Carrie Cuinn (ed.), Cthulhurotica (Dagan Books, 2010)
You see a name like Cthulhurotica and you gotta think “tentacle porn”. Well, okay, maybe not if you’re not into anime, but who isn’t these days? And Cuinn, in her amusing introduction to this volume, makes that exact same argument, and then basically says “we got a lot of that submitted, but hey, we got some good stuff too, and here it is.” And she’s right.
I grant you, by staying away from porn, Cuinn ended up treading a line in many places between Cthulhurotica and Cthulhuromance, which is not necessarily an awful thing at all (the most obvious example of this is Don Pizarro’s “The C-Word”, which, perhaps not coincidentally, ended up being my favorite story in the volume). Not to say that the authors who got down and dirty didn’t do so in ways that will get the reader’s Old Ones up and running; Gabrielle Harbowy’s “Descent of the Wayward Sister” is just delicious, and oh, Mae Empson’s “Between a Rock and an Elder Goddess.”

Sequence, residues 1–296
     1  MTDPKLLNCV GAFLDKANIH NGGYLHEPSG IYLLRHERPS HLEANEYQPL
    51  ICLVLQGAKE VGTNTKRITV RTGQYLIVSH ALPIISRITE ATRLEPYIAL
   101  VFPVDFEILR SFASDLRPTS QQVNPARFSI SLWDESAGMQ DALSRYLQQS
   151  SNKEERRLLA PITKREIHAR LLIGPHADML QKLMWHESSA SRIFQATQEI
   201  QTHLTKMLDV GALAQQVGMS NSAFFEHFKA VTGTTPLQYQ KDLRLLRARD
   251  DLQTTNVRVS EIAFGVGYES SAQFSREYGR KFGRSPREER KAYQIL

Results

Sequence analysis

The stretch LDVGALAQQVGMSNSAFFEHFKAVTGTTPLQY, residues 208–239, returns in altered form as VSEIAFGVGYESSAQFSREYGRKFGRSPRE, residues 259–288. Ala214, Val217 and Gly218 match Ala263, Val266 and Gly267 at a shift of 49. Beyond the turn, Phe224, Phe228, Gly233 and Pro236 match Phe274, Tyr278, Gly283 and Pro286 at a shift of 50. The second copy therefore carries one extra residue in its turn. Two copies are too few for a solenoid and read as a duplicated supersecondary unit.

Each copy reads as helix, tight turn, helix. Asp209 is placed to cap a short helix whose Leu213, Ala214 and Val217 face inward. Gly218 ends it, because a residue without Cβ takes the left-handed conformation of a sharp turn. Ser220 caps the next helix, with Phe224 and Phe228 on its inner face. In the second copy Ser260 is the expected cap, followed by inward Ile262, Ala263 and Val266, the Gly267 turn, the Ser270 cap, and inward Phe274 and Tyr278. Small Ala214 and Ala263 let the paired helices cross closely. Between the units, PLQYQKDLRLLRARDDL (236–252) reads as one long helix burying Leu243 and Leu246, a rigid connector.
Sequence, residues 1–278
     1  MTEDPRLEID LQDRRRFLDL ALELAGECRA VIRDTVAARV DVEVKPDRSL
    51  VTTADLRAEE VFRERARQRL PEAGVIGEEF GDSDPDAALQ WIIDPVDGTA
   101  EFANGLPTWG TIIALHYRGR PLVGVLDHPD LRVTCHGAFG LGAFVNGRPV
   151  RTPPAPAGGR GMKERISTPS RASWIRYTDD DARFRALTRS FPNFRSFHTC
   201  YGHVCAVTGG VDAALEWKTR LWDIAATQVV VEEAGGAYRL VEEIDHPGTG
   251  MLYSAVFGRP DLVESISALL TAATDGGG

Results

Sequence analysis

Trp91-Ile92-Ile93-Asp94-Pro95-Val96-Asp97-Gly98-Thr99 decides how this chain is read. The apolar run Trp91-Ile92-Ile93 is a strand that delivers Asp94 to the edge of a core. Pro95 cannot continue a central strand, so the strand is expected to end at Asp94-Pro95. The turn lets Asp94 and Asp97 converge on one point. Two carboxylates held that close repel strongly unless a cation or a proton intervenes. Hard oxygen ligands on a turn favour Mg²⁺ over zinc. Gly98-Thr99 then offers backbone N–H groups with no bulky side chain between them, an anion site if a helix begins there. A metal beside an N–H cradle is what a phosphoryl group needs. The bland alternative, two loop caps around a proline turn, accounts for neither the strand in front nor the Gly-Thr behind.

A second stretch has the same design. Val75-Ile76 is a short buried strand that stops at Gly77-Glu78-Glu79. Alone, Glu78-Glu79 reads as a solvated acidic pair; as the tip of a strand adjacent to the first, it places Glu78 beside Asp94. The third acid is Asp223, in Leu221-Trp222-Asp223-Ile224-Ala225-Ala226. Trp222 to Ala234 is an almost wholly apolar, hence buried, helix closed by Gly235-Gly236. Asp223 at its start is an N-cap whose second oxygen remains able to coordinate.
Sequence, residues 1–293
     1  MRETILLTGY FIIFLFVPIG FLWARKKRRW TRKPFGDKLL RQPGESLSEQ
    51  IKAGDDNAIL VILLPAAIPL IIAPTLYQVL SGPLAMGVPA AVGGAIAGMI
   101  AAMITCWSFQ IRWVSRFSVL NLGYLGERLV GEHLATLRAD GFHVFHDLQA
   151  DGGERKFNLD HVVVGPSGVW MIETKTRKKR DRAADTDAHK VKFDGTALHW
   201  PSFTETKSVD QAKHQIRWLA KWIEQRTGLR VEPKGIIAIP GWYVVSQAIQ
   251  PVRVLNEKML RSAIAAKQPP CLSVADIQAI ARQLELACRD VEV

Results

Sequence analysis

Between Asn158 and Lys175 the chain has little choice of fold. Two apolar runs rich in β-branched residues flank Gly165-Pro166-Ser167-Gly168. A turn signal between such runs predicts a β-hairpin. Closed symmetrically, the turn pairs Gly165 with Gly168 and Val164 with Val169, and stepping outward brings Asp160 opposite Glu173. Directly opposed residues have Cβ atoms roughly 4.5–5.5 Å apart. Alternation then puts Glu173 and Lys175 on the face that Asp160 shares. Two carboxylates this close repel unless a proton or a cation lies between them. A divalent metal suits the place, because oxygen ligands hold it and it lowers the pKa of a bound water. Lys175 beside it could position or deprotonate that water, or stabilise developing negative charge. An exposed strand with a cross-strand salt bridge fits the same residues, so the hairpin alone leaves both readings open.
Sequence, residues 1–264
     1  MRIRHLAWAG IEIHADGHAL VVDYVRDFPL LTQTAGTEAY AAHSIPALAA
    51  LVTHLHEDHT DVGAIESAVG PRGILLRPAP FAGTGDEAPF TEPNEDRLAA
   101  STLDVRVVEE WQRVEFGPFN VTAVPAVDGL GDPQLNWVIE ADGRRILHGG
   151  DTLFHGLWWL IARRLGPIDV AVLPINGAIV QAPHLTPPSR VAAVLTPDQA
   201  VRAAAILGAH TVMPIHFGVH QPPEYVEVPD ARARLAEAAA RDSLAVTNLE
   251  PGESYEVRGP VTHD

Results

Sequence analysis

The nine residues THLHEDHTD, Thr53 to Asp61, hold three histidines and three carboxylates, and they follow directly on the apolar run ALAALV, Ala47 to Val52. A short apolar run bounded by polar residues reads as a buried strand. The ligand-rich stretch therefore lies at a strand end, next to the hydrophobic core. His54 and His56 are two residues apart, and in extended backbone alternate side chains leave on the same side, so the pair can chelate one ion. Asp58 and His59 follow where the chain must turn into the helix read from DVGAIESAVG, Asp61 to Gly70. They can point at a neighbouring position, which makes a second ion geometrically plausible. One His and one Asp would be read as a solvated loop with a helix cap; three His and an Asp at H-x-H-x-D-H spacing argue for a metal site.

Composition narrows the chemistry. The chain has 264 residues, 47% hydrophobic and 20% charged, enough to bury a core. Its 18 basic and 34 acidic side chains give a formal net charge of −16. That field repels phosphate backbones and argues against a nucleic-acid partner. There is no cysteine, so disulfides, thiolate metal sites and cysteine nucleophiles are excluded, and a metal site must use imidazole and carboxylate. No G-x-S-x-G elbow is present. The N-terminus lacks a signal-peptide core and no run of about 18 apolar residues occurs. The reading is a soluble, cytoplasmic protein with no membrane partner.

Which is not to say, as is usually the case with anthologies, there aren’t a few misses here and there. Andrew Searce’s “The Lake at Roopkund” is exactly the sort of lesbian-phobic nonsense I’d hoped we’d all gotten past by now (and if it was meant in any ironic sense, Searce did a bit too good a job at not tipping the wink), for example.
The book concludes with a handful of essays that turned out to be, well, just as interesting as the stories. Wasn’t expecting that in the slightest. Score! I must admit, I went into this one not knowing what to expect, and ended up liking it a great deal more than I expected. *** ½